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EPITAPH

ON SIR WILLIAM WILLIAMS[50].

[This Epitaph was written at the request of Mr. Fre.

derick Montagu, who intended to have inscribed it on a Monument at Belleisle, at the siege of which this accomplished youth was killed, 1761; but from some difficulty attending the erection of it, this design was not executed.]

HERE, foremost in the dangerous paths of fame,

Young Williams fought for England's fair renown; His mind each Muse, each Grace adorn'd his frame,

Nor Envy dar'd to view him with a frown. At Aix, his voluntary sword he drew[51],

There first in blood his infant honour seal'd; From fortune, pleasure, science, love he flew,

And scorn'd repose when Britain took the field.

[50] Sir William Peere Williams, bart. a Captain in Burgoyne's dragoons.

[51] Sir William Williams, in the Expedition to Aix, was on board the Magnanime with Lord Howe; and was deputed to receive the capitulation.

With eyes of flame, and cool undaunted breast,

Victor he stood on Belleisle's rocky steepsAh, gallant youth! this marble tells the rest,

Where melancholy Friendship bends and weeps. STANZAS TO MR. BENTLEY.

A FRAGMENT.

[These were in compliment to Mr. Bentley, who drew

a set of Designs for Mr. Gray's Poems, particularly a Head-piece to The Long Story.]

IN silent gaze the tuneful choir among,

Half pleas’d, half blushing let the Muse admire, While Bently leads her sister art along,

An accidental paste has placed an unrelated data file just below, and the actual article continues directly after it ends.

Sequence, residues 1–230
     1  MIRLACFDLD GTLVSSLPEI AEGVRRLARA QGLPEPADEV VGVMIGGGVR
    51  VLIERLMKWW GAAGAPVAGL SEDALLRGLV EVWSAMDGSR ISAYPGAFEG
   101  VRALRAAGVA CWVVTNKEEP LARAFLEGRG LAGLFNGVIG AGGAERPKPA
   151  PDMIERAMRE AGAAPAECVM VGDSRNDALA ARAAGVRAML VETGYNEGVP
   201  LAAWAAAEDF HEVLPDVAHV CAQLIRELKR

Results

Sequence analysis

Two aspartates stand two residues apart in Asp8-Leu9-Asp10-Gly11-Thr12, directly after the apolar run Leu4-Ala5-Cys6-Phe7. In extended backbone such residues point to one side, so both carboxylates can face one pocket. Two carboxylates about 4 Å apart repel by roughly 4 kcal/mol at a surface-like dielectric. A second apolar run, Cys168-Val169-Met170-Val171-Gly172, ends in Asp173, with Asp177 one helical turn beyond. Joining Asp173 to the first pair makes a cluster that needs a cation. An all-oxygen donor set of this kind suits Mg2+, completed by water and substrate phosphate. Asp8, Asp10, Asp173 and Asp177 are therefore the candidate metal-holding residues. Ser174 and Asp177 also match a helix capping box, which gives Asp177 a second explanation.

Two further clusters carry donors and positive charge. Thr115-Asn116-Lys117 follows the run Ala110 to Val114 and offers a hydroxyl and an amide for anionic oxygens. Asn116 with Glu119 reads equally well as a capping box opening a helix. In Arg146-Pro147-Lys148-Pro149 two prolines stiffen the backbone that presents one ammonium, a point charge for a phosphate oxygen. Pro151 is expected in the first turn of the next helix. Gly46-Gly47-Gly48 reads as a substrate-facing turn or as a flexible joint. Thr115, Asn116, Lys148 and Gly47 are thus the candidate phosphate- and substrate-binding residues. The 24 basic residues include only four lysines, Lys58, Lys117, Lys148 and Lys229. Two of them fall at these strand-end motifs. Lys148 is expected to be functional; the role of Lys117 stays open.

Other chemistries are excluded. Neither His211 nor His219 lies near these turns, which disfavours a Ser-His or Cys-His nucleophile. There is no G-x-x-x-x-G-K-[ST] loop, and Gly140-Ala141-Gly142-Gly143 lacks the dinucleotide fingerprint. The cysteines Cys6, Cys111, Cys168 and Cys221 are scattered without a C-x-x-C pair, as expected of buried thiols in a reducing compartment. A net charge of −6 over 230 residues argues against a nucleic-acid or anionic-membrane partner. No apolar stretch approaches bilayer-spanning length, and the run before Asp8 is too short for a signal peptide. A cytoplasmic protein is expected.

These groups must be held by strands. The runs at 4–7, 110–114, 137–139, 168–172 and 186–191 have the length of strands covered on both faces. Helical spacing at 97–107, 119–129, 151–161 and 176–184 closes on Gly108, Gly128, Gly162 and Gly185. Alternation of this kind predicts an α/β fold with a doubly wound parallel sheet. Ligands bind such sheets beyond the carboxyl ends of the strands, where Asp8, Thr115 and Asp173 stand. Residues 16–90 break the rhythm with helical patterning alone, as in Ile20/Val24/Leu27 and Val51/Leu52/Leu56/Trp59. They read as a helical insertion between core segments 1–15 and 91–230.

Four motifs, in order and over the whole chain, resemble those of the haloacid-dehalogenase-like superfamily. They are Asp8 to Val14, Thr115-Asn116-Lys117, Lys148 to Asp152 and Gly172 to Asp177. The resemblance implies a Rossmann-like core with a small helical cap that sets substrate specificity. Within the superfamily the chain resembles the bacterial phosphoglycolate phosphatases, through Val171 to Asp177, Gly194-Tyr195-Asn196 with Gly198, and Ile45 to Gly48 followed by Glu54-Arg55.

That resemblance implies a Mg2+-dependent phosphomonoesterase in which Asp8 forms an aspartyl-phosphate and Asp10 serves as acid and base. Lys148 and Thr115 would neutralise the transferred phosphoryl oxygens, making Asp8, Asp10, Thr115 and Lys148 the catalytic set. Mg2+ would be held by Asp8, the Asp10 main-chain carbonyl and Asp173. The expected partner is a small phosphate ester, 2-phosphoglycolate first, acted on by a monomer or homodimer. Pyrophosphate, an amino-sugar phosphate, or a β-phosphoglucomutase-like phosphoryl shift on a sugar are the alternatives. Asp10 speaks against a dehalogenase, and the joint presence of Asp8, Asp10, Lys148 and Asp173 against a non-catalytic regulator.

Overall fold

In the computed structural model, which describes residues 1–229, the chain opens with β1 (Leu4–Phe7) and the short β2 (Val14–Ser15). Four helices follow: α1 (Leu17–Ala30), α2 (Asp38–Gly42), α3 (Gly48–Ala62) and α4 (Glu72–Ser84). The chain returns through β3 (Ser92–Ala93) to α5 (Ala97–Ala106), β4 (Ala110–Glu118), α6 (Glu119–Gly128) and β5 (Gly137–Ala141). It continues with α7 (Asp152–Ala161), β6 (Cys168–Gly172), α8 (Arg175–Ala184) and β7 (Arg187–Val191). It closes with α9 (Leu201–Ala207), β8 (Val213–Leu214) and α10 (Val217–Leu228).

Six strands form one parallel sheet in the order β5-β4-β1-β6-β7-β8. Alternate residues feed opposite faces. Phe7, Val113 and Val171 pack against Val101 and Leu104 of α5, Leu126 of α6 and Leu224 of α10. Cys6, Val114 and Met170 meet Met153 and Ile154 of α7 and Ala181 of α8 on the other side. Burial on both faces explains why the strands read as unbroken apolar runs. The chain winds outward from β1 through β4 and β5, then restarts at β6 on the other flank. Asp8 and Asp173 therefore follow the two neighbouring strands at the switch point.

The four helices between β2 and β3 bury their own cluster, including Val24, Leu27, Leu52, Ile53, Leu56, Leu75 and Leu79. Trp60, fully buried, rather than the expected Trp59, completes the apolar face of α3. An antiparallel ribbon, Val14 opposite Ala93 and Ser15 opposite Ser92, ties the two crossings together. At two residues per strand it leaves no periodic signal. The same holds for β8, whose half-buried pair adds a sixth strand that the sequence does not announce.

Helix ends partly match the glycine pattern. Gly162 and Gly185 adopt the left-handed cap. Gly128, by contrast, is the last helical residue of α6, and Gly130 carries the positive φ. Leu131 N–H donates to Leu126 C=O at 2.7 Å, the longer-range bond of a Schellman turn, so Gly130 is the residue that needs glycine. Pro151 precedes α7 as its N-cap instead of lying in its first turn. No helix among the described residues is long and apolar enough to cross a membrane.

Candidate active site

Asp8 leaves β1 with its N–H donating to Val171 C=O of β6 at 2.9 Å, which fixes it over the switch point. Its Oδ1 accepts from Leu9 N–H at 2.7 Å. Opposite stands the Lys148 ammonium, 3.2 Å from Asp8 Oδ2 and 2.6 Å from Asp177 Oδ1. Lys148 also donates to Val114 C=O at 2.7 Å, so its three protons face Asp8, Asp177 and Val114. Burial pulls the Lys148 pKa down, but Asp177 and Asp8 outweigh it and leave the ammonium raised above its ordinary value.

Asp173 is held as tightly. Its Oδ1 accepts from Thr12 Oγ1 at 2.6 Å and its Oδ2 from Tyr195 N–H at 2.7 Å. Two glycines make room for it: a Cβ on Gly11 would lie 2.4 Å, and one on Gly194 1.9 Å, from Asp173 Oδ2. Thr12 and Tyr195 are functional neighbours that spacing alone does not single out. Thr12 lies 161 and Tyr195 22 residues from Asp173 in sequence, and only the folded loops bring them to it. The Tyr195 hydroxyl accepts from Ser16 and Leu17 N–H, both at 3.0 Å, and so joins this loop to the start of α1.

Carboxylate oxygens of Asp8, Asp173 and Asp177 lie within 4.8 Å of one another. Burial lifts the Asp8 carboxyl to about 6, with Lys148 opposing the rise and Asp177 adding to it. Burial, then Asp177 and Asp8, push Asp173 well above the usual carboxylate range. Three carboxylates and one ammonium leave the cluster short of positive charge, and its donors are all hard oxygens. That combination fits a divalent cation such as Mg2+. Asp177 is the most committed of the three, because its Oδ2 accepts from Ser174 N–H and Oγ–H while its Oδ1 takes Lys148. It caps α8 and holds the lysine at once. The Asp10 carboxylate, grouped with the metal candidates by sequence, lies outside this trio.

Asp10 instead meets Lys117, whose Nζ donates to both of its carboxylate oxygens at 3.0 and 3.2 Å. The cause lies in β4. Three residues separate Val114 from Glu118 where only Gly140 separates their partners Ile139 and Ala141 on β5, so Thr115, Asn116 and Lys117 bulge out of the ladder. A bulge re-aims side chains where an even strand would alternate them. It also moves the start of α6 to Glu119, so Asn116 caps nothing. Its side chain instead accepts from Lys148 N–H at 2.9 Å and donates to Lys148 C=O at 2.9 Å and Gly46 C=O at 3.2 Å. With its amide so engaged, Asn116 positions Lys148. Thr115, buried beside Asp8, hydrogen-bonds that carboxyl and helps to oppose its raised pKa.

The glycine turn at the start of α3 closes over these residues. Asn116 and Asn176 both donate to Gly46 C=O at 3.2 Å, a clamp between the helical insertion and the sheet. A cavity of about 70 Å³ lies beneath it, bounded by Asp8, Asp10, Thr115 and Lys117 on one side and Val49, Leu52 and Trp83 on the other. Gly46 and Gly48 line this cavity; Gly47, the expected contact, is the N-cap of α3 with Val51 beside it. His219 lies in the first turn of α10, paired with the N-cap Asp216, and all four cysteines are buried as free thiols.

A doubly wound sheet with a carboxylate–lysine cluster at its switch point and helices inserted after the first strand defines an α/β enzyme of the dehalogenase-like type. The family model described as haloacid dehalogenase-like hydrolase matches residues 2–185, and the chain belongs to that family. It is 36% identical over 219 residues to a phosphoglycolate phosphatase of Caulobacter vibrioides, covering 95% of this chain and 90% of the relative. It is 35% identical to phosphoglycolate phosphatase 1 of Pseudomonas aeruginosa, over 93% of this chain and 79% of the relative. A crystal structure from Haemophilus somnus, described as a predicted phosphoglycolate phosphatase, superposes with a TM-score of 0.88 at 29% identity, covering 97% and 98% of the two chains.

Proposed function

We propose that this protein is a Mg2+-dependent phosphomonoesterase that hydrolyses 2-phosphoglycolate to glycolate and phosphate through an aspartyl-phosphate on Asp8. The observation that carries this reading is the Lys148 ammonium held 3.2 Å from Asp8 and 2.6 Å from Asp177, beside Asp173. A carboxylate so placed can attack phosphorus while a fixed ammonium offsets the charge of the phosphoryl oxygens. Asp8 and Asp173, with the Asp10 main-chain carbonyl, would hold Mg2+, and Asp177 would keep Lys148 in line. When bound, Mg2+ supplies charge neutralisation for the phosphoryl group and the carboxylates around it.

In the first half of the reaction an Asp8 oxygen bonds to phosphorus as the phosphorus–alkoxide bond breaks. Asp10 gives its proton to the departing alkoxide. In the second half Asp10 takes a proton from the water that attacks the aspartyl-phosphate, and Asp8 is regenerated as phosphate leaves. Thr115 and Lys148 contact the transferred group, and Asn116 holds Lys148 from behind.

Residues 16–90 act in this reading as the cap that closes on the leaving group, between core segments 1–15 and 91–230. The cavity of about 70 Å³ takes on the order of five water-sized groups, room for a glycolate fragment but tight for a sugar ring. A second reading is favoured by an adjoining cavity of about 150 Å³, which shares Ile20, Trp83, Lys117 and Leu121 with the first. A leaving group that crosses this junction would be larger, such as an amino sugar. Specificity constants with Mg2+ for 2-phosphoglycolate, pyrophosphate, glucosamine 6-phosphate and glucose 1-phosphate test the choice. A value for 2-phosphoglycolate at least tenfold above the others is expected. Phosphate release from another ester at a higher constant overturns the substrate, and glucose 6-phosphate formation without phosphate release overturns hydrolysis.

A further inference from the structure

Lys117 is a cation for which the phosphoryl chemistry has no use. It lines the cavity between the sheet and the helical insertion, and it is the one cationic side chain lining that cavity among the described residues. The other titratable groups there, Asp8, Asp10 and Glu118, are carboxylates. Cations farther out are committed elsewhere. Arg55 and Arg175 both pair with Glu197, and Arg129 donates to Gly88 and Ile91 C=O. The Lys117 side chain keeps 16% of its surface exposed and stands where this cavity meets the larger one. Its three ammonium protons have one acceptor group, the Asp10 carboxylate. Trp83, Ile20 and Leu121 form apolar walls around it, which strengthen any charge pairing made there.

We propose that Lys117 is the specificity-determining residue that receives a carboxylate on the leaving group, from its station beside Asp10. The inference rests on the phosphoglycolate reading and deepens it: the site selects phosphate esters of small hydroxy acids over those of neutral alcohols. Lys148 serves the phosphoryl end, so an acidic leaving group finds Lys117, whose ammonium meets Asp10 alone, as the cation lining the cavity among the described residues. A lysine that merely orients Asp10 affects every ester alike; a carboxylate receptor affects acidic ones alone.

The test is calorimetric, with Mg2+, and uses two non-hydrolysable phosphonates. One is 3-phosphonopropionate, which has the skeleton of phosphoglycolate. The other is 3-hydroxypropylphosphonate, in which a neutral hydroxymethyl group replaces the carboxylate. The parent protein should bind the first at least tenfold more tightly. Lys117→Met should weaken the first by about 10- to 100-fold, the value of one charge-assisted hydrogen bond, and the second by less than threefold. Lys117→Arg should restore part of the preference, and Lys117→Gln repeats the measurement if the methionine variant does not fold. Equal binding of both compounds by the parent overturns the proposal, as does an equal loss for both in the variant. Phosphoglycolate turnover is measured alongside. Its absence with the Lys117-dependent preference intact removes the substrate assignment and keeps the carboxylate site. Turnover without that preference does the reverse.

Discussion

And bids the pencil answer to the lyre. See, in their course, each transitory thought

Fix'd by his touch a lasting essence take; Each dream, in Fancy's airy colouring wrought,

To local symmetry and life awake! The tardy rhymes that us’d to linger on,

To censure cold, and negligent of fame, In swifter measures animated run,

And catch a lustre from his genuine flame. Ah! could they catch his strength, his easy grace,

His quick creation, his unerring line ; The energy of Pope they might efface,

And Dryden's harmony submit to mine.

But not to one in this benighted age

Is that diviner inspiration giv'n, That burns in Shakespeare's or in Milton's page, . The pomp and prodigality of heav'n. As when conspiring in the diamond's blaze,

The meaner gems, that singly charm the sight, Together dart their intermingled rays,

And dazzle with a luxury of light.
Enough for me, if to some feeling breast

My lines a secret sympathy impart ;
And as their pleasing influence flows confest,
A sigh of soft reflection heave the heart[52].

* * * * * * * *

[52] The words in Italick were supplied by Mr. Mason.

SONG.

[This was written, at the request of Miss Speed, to an old Air of Geminiani: the thought from the French.]

THYRSIS, when he left me, swore

In the Spring he would return-
Ah! what means the op'ning flower!

And the bud that decks the thorn!
'Twas the nightingale that sung !
'Twas the lark that upward sprung !
Idle notes ! untimely green!

Why such unavailing haste? Gentle gales and sky serene

Prove not always Winter past. Cease, my doubts, my fears to move, Spare the honour of my love.

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